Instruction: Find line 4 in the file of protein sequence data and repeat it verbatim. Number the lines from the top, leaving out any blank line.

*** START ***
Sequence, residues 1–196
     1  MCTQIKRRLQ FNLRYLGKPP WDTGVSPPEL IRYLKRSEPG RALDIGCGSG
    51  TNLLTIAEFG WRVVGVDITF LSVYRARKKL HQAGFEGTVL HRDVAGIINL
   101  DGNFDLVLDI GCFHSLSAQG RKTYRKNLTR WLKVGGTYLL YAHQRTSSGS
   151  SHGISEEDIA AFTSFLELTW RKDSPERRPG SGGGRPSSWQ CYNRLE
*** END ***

   101  DGNFDLVLDI GCFHSLSAQG RKTYRKNLTR WLKVGGTYLL YAHQRTSSGS